I spend a lot of my time wishing that I’d never been diagnosed with diabetes, and imagining that my life would be a lot better without the added stress and other annoying tasks diabetes adds to my day. But recently, I’ve spent a lot of time wondering if I would be the same me without diabetes. It’s not that diabetes defines me, but I do believe that it has helped shape me into a person I am proud to be. And is there anything wrong with admitting that life with the bêtes brings us some good as well? So, here it is, my list of things I’m thankful for, that have come from living with type 1 diabetes.
1. An amazing group of friends.
I have met some really amazing people through the diabetes world. Whether they are people I met at Clara Barton Camp or through JDRF, I’ve made true friends. I’ve met role models who I’ve looked up to for most of my life, friends I can still rant to about a bad diabetes day, and just a whole lot of awesome people. (Is it true that only the coolest of people are diagnosed with diabetes?)
2. I found my passion
Since I can remember, I’ve been actively involved in government and healthcare. When I was in fifth grade, I didn’t know a lot of other kids my age who were concerned about the vote on the stem-cell bill, but I sure as heck was. My passion for government was driven by my desire for healthcare reform, which was sparked by my diabetes advocacy. Through my diabetes advocacy, I was able to form a relationship with the late Senator Kennedy. He showed me all of the good that can happen in the government and how one voice really can make a difference. That led me to where I am today, pursuing a career in government.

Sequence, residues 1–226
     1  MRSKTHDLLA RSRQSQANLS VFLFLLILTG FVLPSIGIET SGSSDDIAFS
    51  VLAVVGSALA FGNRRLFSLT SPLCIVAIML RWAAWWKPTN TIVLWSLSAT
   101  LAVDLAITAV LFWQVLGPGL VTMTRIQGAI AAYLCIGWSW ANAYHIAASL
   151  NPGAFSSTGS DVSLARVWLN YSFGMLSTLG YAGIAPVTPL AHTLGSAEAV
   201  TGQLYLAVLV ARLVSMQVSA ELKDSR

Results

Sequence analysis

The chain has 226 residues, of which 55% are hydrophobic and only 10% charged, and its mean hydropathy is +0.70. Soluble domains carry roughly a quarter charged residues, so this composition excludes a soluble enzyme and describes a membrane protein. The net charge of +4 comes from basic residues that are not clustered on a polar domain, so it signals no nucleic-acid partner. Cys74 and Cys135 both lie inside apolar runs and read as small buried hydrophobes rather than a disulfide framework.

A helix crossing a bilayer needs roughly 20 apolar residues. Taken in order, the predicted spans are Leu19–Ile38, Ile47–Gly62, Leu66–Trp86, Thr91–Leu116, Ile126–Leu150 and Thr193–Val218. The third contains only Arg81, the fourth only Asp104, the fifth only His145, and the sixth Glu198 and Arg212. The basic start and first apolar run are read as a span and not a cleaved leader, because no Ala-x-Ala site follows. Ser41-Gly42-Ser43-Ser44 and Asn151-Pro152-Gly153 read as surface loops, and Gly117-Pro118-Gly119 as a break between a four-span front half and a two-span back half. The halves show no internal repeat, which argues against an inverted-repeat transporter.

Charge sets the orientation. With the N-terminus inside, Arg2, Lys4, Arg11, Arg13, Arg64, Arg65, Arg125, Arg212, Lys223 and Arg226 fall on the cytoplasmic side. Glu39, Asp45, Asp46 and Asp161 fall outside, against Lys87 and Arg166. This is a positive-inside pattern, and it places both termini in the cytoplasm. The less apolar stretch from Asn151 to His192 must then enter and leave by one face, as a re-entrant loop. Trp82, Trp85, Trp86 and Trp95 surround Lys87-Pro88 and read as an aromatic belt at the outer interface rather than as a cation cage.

I cannot see myself doing anything other than what I’m doing, or wanting to do anything other than government related work, and if diabetes led me straight to where I want to be, then I sure am thankful for the happiness – and focus– it provides me with every day.
Yes, there are days when I feel like my life sucks and I hate having diabetes and I want to just give up, but diabetes has really given me insight into other diseases and disabilities that I’m not sure I would have if I weren’t living with a chronic disease myself. I cannot tell you how many times a day I am thankful that I can live on my own, go to work every day, and live like a normal 23 year old. Yes, some days are more difficult than others, and yes, diabetes adds an extra layer to everything I do. But I am thankful for the life and opportunities I am able to have because, even with that added layer, I can have all I want in life.
4. Safety & Awareness
Living with diabetes my entire life has forced me to be overly cautious in a lot of different areas. To name a few, I was forced to learn how to drink safely, I was forced as a teenager to have a few more safe sex talks with my mom and doctors than I care to remember, and I was forced to be aware of all health aspects of my life. I’m not saying that I’m a perfect angel (my friends and family will laugh at the thought of me evening joking about being perfect), but I am thankful that diabetes opened up a line of communication that made me think harder and be more careful that most of my peers.
5. I am a mentor
I love being able to help people and provide them with meaningful advice. Being diagnosed with diabetes at a young age and, living through a lot of different life transitions with diabetes has informed me enough to be able to give insightful advice to young adults with diabetes, as well as their parents. Though I do believe that I still would be passionate about helping people with or without diabetes, diabetes has given me a natural outlet. After speaking to a group of parents of teens with diabetes, I love hearing that they now feel better about their teenager’s future. After I get a text from a teenager asking me about how to safely drink with diabetes, I love knowing that they are searching for a way to live safely. (And I swear: my first advice to each of them is always: “Tell your parents.”) Nothing makes me feel better than helping others, and thanks to diabetes in my life, I get to do it in a meaningful way.
I love every part of my life and the person I am. After many late night thoughts about this, I do believe that diabetes has helped shaped me into being someone I’m proud to be. I’m not sure what I would be like and what my passions would be without diabetes, and I’m not sure I would want to find out. This was the life I was given, and I’m both happy and grateful to be living it.